Dust Collection for 12" Delta Planer

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Blog entry by Underdog posted 01-15-2014 01:54 AM 3458 reads 2 times favorited 8 comments Add to Favorites Watch

Well it’s kinda clunky and made outa junk ductwork, but the price was right, and it works!

I started with some old pipe from a friends vent hood off their old stove. It had an accumulation of gunk from years of cooking. It was serviceable after scraping and bending flat though.

Then I drew up the 4” high transition from a 13.5” x 2.75” rectangle to a 4” circle. I cut that half pattern out and transferred it to the sheet metal with a center punch and scribe marks.

After the most dangerous part of cutting it out, I used some c-clamps and angle iron as a brake and put the bends in. Then a quick trip to the hardware store re-supplied me with 1/8” pop rivets. A few dozen holes and popped rivets and there you have it.

Oh yeah. I had to cut off the last two inches of the original chute with a zizz wheel and die grinder. I knew I was past the point of no return then. But no biggie. Looks like heck but it sure beats cleaning up after it and sanding all the divots from chips being recycled through the head.

I learned two things.
1) I can do this.
2) Make the top of the transition a little smaller than you think it should be. It has to fit inside the four inch collar.

I found that the part may still be available, but it’s on back order. And I didn’t want to wait. Besides I always did like tinkering and fabricating. And my Dave Gingery books had to be useful for something right?

8 comments so far

View Underdog's profile


1133 posts in 2091 days

#1 posted 01-15-2014 01:58 AM

Since it wasn’t actually a wood project, I figured this needed to be posted as a blog entry rather than a project, yes?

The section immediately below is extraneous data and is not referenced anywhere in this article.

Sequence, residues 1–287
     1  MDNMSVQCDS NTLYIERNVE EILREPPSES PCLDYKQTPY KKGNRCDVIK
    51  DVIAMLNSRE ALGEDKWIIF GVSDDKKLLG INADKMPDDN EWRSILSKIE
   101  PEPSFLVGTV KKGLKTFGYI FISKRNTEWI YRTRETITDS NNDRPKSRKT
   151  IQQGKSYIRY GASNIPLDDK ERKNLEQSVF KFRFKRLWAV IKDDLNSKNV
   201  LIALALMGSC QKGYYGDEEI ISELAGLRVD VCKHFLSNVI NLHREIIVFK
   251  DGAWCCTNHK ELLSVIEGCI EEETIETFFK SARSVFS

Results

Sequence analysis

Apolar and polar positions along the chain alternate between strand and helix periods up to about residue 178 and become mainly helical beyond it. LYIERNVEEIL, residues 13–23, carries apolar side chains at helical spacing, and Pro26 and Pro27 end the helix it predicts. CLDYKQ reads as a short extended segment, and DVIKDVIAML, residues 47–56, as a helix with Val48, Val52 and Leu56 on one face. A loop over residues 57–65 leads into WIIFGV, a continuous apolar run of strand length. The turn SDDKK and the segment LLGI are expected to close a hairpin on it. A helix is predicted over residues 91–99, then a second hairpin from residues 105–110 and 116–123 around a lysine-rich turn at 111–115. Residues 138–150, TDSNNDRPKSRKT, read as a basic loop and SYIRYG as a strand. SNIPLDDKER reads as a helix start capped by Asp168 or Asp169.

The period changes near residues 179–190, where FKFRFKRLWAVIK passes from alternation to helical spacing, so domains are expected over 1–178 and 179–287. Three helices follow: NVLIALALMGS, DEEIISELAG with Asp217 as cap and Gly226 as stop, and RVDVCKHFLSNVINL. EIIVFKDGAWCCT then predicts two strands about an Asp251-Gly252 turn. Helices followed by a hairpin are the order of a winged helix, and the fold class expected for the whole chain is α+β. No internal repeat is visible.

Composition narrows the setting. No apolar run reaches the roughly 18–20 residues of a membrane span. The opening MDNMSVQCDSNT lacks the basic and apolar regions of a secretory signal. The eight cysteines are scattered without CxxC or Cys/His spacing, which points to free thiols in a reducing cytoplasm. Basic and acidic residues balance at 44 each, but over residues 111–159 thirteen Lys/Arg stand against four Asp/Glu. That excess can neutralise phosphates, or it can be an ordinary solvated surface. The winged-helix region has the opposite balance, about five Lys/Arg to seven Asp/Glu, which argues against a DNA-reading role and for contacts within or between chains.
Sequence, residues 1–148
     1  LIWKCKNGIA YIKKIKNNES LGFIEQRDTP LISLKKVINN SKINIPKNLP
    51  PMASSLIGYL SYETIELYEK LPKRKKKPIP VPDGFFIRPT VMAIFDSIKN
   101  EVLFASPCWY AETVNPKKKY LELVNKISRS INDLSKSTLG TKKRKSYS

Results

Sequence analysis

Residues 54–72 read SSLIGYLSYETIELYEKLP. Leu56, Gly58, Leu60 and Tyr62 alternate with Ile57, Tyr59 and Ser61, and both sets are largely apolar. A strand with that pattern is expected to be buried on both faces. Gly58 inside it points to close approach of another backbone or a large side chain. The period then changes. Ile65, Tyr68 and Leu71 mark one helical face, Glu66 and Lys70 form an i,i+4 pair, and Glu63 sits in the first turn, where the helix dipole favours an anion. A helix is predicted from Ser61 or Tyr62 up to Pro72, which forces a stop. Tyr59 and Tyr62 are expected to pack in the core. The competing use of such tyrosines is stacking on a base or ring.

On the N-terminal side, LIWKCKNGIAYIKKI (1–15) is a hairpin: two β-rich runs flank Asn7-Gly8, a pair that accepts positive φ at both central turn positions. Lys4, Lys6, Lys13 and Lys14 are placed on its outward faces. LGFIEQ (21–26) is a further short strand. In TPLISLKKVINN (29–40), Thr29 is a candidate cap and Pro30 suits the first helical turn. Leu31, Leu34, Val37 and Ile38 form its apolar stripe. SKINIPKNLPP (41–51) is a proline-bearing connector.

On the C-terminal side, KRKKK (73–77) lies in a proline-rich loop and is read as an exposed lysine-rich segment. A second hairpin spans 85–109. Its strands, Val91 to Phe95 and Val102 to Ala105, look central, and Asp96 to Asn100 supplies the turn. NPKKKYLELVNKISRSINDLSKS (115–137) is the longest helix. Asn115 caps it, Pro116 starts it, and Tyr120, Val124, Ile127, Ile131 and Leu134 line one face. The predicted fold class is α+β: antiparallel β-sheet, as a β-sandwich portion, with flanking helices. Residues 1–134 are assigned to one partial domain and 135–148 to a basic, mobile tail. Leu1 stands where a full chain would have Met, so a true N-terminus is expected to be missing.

I made the mistake of posting one of my projects in a forum, and it got totally lost. That’s before I knew to post it as a finished project. This forum is a bit different than a lot of others.

I guess I could always post that project as a project though…

View Handtooler's profile


1603 posts in 2188 days

#2 posted 01-15-2014 02:01 AM

I purchased one for my Foley-Bellsaw 12” planer for $79.00 almost exactly like that and, yes it works super. Chips don’t appear till the catch drum is full.

-- Russell Pitner Hixson, TN 37343

View John 's profile


253 posts in 3458 days

#3 posted 01-15-2014 03:10 AM

I have the same Planer with the original Dust Shroud and it’s a real P.I.T.A. I’m sure your’s will work better. I may even be inspired to copy it for my Planer. Good Job.

-- John

View CFrye's profile


10289 posts in 1895 days

#4 posted 01-15-2014 03:11 AM

Taking notes here, Underdog. We have the same planer, same mess. Thanks for sharing.

-- God bless, Candy

View lanwater's profile


3111 posts in 2990 days

#5 posted 01-15-2014 03:42 AM

That’ real engineering!

well done.

I think they would have let it slide as a wood project.

-- Abbas, Castro Valley, CA

View Roger's profile


20929 posts in 2860 days

#6 posted 01-15-2014 01:53 PM